The role of algorithms and automation technologies is steadily gaining importance in our increasingly digitized society. Algorithmic systems are processing, rating, profiling and ranking data, and make decisions that influence many areas of our private and professional lives. More often than not, these systems have a less-than-satisfying record in terms of their transparency, accountability and fairness. Depending on the data they process, some classes of algorithmic approaches perpetuate pre-existing societal biases in their decisions and predictions; others operate completely unscrutinized and opaquely due to claims of trade secrecy or security. Mechanisms to determine responsibility for these effects are difficult to implement and often overlooked in the design and conceptualization of automation technologies, making it all but impossible to hold the system or its creators accountable for potential harms caused by their utilization. Finally, claims of objectivity allow the instrumentalization of algorithms as “math washing”, cementing potentially discriminating or unfair systemic behaviors under an aura of unquestionable impartiality and obscuring the underlying values informing the design and behavior of these systems.
The Automation and Algorithms Working Group aims to study algorithmic systems both in theoratical, empirical and material form, and provide insights into tensions and problematic aspects, but also best practices and remedial strategies to counter these issues. Through a variety of interdisciplinary approaches, including but not limited to economy, science and technology studies, cognitive science, computer science and sociology, we analyze and assess automation technologies both in their conceptual phases and as systems-in-the-wild, research their socio-economic and socio-technical impacts and study solutions to improve future implementations in regards to fairness, accountability and transparency.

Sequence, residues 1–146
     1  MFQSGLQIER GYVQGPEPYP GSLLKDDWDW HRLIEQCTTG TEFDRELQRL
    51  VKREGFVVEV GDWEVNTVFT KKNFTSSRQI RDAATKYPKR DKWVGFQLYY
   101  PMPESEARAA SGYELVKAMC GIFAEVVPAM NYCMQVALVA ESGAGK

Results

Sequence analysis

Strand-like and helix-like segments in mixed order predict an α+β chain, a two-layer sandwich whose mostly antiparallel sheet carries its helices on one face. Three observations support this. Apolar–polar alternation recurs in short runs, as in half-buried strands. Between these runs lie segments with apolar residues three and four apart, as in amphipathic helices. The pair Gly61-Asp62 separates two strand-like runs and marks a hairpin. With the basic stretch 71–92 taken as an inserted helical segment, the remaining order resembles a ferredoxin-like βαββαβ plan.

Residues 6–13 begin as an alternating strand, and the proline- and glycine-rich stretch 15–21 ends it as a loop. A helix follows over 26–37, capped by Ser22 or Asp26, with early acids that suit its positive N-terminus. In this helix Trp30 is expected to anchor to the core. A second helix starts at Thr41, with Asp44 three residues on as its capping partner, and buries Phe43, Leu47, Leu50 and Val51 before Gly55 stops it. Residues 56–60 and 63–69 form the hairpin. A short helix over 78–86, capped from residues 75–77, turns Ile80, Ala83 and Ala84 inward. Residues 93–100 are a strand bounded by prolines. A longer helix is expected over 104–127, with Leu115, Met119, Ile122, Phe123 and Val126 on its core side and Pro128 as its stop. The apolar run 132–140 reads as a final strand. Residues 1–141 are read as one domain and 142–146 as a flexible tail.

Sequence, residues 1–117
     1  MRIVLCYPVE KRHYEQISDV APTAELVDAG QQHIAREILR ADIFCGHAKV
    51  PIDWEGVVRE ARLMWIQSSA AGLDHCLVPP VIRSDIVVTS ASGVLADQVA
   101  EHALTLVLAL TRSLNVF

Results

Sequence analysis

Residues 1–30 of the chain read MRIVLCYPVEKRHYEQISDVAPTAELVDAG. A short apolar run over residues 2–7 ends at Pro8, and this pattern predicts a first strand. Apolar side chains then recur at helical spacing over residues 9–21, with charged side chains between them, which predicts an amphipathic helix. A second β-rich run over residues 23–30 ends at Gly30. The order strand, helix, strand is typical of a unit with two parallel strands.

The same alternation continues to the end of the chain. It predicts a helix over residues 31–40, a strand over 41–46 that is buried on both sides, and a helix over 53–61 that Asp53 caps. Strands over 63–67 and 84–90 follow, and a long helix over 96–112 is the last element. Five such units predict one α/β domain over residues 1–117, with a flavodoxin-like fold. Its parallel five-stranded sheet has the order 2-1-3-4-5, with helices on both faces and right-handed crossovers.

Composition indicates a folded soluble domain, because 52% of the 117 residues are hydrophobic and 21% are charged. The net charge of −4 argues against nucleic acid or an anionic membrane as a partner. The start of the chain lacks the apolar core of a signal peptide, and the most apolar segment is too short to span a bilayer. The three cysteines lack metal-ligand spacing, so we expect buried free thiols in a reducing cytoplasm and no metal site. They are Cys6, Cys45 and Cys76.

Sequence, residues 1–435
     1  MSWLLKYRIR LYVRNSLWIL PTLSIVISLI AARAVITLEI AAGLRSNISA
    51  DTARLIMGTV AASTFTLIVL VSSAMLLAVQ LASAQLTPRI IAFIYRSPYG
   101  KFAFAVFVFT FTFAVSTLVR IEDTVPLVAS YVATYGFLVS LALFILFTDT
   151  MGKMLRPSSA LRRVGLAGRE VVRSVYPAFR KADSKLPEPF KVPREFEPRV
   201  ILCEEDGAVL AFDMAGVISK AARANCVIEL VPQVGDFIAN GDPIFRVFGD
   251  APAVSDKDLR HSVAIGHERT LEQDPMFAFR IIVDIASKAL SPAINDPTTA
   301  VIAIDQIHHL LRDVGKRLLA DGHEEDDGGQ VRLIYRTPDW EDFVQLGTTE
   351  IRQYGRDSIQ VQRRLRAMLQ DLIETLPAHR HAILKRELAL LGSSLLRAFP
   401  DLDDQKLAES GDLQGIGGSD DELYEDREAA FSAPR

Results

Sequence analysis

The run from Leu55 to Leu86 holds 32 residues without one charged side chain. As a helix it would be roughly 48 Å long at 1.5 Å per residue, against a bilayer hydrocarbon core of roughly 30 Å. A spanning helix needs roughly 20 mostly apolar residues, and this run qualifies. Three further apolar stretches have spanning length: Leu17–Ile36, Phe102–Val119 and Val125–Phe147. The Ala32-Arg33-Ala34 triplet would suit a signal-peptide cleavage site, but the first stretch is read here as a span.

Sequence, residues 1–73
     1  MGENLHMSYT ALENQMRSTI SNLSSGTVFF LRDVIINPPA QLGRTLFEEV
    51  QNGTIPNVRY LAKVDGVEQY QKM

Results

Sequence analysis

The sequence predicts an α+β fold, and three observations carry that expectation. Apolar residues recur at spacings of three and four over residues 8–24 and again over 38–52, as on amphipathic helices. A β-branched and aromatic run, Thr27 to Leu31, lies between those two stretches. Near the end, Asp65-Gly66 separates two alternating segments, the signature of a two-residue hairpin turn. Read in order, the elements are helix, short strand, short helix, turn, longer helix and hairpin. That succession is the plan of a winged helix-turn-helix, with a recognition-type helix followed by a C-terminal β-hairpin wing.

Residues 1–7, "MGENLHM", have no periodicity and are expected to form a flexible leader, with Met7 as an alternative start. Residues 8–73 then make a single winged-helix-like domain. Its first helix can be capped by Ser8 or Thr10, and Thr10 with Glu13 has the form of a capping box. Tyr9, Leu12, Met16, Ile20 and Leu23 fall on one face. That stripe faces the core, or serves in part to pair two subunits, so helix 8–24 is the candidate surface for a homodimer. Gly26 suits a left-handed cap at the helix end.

One of our core projects is the study and assessment of the AMS Algorithm, an assistive profiling system claiming to determine job seeker’s chances of reintegration into the labor market. Through theoretical aproaches and an analysis of available documentation, we point out tensions and the potential for discrimination, and provide suggestions to improve the system.